The elephant in the room is Spotify's incredibly low streaming payouts. Here is what an artist makes in royalties from the biggest platforms on the market, per 1000 streams (Source):
Amazon Prime — $1.39 per 1000 streams
Amazon Unlimited — $10.96 per 1000 streams
Anghami — $0.79 per 1000 streams
Apple Music — $6.77 per 1000 streams
Deezer — $4.12 per 1000 streams
Google Play All Access — $2.22 per 1000 streams
KKBox — $4 per 1000 streams
Medianet — $1.48 per 1000 streams
Medianet Downloads — $0.70 per download
Napster — $7.88 per 1000 streams
NetEase — $0.41 per 1000 streams
Spotify — $2.29 per 1000 streams
Tidal — $6.85 per 1000 streams
TikTok — $0.97 per 1000x used
YouTube — $3.24 per 1000 views
YouTube Red — $9.90 per 1000 views
It's one of the lowest paying platforms out there, despite being a direct competitor to other streaming giants like Apple Music who pay their artists much more. If you don't want to drop Spotify for their wishy-washy policies, the lack of payout to the musicians who created their platform is enough reason on its own.
At the end of the day, Spotify will always be beholden to their pocket books and nothing else. Actions speak louder than words, and the "music for everyone" platform fails to live up to its own expectations. To add salt to the wound, the tech company's CEO invested $85.2 million into military defense technology, rather than reinvesting into the backbone of Spotify: the creators held hostage to a meager streaming payout.
What If All of My Fans Still Use Spotify?
It seems like plenty of indie artists would be more than willing to leave Spotify --- if only there was an easy way to migrate their fanbase. Here are a couple of tips to navigate your way through the Spotify boycott from an indie artist's point of view:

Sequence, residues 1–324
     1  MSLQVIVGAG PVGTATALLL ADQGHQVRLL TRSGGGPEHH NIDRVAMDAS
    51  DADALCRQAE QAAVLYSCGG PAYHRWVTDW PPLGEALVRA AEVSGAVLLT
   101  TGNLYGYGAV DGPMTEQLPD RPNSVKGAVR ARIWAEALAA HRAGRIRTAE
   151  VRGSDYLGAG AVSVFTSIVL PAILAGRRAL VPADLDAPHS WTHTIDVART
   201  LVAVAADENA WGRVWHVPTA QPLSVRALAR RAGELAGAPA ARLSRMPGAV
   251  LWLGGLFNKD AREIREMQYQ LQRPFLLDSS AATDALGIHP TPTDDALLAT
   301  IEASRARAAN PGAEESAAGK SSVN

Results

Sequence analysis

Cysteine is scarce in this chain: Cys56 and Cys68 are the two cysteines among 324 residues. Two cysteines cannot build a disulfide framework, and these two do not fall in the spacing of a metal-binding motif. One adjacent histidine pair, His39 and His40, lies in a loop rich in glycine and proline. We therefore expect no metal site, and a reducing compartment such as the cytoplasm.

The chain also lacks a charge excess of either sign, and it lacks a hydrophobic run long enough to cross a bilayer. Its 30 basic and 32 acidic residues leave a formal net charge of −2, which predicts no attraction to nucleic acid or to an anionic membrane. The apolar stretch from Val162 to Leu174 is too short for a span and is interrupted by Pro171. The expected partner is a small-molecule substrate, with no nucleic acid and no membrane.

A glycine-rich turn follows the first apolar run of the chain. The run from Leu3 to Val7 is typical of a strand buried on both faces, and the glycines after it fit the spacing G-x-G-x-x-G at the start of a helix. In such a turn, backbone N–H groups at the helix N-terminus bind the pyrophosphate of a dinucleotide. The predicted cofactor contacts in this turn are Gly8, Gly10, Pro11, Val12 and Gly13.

Find a balance between catering to your fans and owning your audience. You should always try to be as accessible as possible to your fans while still meeting your own needs. However, it's important to start to take more ownership over your audience by cultivating email lists, building a discord, or creating a social media platform. If you have a platform to announce your migration, more people are likely to follow in your path.
Spread awareness to your fanbase. Your fanbase simply might not know that Spotify doesn't provide a reasonable royalty rate. Educating your audience may help them make the jump to a new space.
Provide feedback. Spotify admittedly has a lot of features and friendly UX that help new artists get discovered. Platforms like Apple Music could use feedback to make their interfaces a bit more fan-friendly, so let them know.
Remember that there is strength in numbers. There's no denying that small indie artists won't have a lot of leverage when leaving the platform. However, there's strength in numbers and a great opportunity to enact real change through advocacy and awareness.
Diversify your assets. With anything in life, you can always provide yourself with more security if you split up the pie, so to speak. This is a good time to revaluate how much time you spend across each platform and strategize how you can market your music wherever your music is hosted.
Hopefully, this discourse around streaming platforms will only continue to gain momentum. In the meantime, musicians can look forward to earning more from their music with the advent of Web 3.
If there ever was a good time make the jump from Spotify, it's now.